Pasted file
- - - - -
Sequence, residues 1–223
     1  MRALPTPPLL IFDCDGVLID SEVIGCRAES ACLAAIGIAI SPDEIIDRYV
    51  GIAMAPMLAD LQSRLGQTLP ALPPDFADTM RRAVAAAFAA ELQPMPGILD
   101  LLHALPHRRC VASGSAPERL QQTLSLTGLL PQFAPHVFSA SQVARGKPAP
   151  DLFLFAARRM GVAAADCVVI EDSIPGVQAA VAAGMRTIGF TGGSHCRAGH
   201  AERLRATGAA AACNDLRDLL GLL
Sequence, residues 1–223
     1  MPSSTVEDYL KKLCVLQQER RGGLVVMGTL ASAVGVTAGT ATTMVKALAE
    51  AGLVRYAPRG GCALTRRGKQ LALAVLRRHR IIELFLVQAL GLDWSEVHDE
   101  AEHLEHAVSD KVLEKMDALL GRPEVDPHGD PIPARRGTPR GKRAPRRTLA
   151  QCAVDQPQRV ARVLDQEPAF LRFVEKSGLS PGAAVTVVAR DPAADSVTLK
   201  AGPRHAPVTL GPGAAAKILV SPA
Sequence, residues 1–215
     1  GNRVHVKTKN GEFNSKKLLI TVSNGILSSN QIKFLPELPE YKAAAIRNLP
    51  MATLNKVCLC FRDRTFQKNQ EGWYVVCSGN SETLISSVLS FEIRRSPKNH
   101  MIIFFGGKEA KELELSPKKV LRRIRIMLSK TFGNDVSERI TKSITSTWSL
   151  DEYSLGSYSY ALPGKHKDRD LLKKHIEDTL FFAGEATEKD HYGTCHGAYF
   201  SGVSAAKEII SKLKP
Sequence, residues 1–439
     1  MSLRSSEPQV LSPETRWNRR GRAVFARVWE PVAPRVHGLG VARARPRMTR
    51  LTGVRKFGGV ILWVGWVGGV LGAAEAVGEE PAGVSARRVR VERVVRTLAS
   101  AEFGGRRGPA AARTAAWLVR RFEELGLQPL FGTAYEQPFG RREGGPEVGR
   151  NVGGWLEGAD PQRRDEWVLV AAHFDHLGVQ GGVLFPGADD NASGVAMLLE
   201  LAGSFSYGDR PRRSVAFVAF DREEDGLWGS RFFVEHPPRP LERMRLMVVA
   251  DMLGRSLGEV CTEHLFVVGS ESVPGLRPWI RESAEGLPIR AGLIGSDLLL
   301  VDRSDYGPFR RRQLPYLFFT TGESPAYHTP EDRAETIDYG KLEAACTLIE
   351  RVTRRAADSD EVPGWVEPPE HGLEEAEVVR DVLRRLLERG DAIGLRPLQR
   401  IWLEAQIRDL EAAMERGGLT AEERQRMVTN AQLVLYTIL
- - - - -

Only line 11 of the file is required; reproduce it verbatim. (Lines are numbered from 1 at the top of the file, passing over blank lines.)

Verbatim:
   151  QCAVDQPQRV ARVLDQEPAF LRFVEKSGLS PGAAVTVVAR DPAADSVTLK